It is quite hot these days in Kyiv (dog days of summer). Windows open at night remind me of my own younger days at home before AC, when folks sat outdoors visiting until it got cooler and sleep came per force to overwhelm the restless soul. While there is no particular virtue in that sort of living (before AC), there is certainly realism displayed. Would that with realism we could face those who seek to harm us (spawn of Satan as they are) and we could set our hearts and our sights more perfectly on the Dawn from on High Who comes to visit us and will take us to Himself in Glory.


Sunday, August 2, 2015

A Ride on Belloc's Rollercoaster: good, clean fun!

Europe and the Faith "Sine auctoritate nulla vita"
Belloc, Hilaire
A Public Domain Book. 1920 Edition 
(2012-05-17). Kindle Edition.

Wretch that I am, every once in a while I must indulge myself in Hilaire Belloc's swashbuckling. I've done it again and with no regrets! It's no spoiler, as the value of this adventurous book is found in the course of following his reasoning and analysis, and so I can quote his conclusion:

"So things have gone. We have reached at last, as the final result of that catastrophe three hundred years ago, a state of society which cannot endure and a dissolution of standards, a melting of the spiritual framework, such that the body politic fails. Men everywhere feel that an attempt to continue down this endless and ever darkening road is like the piling up of debt. We go further and further from a settlement. Our various forms of knowledge diverge more and more. Authority, the very principle of life, loses its meaning, and this awful edifice of civilization which we have inherited, and which is still our trust, trembles and threatens to crash down. It is clearly insecure. It may fall in any moment. We who still live may see the ruin. But ruin when it comes is not only a sudden, it is also a final, thing. 

"In such a crux there remains the historical truth: that this our European structure, built upon the noble foundations of classical antiquity, was formed through, exists by, is consonant to, and will stand only in the mold of, the Catholic Church. 

"Europe will return to the Faith, or she will perish. 
The Faith is Europe. And Europe is the Faith." (pp. 260-261).

Naturally, such reading and my recommendation is reserved to Belloc and Chesterton enthusiasts. If you haven't got the "bug" you might put this book down prematurely. Even so, I will risk recommending it. For me personally, it puts a certain spin on my other favorite authors (like John Senior), who yoke classic Western Culture and Catholic Faith. Throw in Belloc on the topic of faith and culture and you may begin philosophizing seriously about which came first? The chicken? or The egg?

No doubt some will reprimand my "political incorrectness", coming as it does on the verge of a big Reformation anniversary, for recommending such an ecumenical wet blanket, but I will stand by the "redeeming social value", yes, even of Hilaire Belloc.

Pace George Weigel's Evangelical Catholicism, I doubt if even a 100 years ago Belloc swept away all adversaries by the force of his arguments. Moreover, given my origins, I doubt if anyone would accuse me of wanting to make unqualified Eurocentrism a necessary qualifier of Catholicism and a premise for the Faith fulfilling the evangelizing mission Christ entrusted to His Church. Even so, in Belloc I find an ally against the tyranny of relativism so rightly condemned not only as the death of thought, but as that fault which deprives us of any vitality or hope.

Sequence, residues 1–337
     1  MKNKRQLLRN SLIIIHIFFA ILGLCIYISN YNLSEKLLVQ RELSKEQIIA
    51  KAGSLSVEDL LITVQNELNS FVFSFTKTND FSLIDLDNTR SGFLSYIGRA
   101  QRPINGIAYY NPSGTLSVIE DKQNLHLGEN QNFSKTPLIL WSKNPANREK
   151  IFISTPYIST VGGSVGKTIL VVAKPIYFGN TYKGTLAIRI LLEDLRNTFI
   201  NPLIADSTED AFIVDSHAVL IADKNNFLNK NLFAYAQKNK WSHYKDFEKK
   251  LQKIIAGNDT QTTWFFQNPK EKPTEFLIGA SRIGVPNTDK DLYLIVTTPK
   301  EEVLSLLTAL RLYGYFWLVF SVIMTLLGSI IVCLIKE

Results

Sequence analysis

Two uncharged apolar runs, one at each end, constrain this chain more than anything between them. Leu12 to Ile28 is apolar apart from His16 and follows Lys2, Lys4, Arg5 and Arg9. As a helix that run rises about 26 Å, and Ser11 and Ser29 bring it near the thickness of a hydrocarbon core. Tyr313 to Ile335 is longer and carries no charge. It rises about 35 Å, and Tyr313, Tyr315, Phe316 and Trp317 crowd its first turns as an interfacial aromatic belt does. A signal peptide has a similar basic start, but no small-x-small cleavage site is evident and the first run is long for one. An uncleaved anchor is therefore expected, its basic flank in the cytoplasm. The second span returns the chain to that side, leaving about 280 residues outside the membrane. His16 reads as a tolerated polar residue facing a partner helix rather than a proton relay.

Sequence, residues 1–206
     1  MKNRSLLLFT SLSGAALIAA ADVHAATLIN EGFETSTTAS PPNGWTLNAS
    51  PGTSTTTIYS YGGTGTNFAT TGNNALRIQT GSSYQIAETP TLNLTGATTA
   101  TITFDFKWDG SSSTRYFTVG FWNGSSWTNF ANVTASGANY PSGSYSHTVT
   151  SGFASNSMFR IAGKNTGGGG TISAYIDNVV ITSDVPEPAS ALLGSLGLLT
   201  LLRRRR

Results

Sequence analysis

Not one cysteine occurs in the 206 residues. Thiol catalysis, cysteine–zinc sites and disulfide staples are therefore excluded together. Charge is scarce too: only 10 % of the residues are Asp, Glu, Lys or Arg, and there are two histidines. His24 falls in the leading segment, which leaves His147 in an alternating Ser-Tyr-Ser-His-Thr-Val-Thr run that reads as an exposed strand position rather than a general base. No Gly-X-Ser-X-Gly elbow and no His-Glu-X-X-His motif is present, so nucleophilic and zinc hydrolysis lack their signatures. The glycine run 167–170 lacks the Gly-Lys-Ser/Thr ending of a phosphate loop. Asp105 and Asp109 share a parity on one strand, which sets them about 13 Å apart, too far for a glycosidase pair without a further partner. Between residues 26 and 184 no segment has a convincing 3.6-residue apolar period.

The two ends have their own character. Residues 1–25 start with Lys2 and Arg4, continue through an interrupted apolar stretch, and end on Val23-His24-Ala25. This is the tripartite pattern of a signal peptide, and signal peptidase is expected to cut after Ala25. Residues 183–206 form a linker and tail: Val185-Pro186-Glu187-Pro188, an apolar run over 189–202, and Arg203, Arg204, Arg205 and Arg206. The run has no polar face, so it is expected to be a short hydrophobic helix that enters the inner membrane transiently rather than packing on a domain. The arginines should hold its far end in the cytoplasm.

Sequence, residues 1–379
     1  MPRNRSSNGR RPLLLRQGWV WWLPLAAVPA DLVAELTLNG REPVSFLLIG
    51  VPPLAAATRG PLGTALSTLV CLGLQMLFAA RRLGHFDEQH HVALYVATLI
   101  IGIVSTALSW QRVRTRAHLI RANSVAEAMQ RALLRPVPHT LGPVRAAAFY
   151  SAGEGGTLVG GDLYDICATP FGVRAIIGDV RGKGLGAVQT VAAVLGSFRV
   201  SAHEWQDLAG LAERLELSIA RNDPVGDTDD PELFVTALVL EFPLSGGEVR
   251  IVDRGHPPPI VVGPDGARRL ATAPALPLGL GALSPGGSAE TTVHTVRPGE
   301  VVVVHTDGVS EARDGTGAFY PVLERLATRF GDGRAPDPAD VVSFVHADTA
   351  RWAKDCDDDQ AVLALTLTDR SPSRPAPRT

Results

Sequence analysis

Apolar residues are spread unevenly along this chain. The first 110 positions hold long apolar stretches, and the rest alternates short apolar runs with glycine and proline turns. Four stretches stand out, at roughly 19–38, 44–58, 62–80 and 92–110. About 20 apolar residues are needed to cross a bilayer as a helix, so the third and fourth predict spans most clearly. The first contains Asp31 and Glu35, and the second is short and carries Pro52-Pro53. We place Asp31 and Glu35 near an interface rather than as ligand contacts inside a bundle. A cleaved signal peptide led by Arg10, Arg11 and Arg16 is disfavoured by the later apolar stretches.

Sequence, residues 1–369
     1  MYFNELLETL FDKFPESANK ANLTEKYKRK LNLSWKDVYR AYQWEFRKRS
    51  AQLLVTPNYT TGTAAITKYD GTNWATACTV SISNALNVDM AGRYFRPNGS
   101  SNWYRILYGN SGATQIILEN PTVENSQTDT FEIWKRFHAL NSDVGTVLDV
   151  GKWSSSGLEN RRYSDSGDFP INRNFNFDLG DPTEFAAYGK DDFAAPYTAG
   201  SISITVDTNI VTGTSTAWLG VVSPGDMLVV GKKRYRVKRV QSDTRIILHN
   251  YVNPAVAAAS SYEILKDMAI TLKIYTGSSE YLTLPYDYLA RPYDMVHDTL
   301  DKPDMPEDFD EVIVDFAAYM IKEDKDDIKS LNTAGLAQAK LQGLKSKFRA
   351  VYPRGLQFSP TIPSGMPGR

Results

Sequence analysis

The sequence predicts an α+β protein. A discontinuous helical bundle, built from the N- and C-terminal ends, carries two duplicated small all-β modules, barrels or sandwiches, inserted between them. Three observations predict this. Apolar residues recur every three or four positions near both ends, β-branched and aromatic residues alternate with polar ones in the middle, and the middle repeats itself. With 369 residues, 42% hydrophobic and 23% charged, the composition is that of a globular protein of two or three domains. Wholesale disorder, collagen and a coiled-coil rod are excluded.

From my Sitz im Leben, I have to add that if Europe were Catholic to the hilt, it probably would not be speechless before the propaganda machine which from Moscow out thumbs its nose at our world and lays claim to titles and property for which it has no claim.

Give me those old "G" rated movies in black and white where the whole theater could nod agreement when wisdom personified as somebody's grandma could respond to tragedy and hardship by saying, "I just don't know where we'd be without our faith!"

Saturday, August 1, 2015

Reconfiguring the Cosmos - Under Christ's Lordship, Today and Tomorrow

The sad litany of all in the world that we can recount as disordered these days seems to be without end. The most common and for me unacceptable reactions to the folly/tragedy of any number of wrongs out there would seem to be two: a sense of helpless desperation and/or a kind of undifferentiated hysteria, both inclined to feigning acceptance of things as they seem to be. Both are little more than emotions; either or both seems to be embraced by many, even among our family and friends, out of a certain sense of resignation to well "that's just the way things happen to be", demonstrating if not almost tolerant comprehension, then sympathy for some folks misplaced "drama" (viz. SSM propaganda). This cannot be right. Our world seems very much out of kilter. Boldfaced lying to gain temporary personal advantage over others seems to characterize the rule of today's jungle. The powers-that-be in government, business and labor resort to such violence as readily as does the proverbial spoiled brat, whom nobody seems to be allowed to discipline any more. As I say, this cannot be right, because God created an ordered world, which, after the sin of our first parents, He redeemed once again from chaos and darkness by His own Son's redemptive death; cost us what it may, we need to be cooperating with His Will. There has got to be something we can do to reconfigure that cosmos of our daily living in conformity with the Divine Will for our happiness in this life and in the life to come.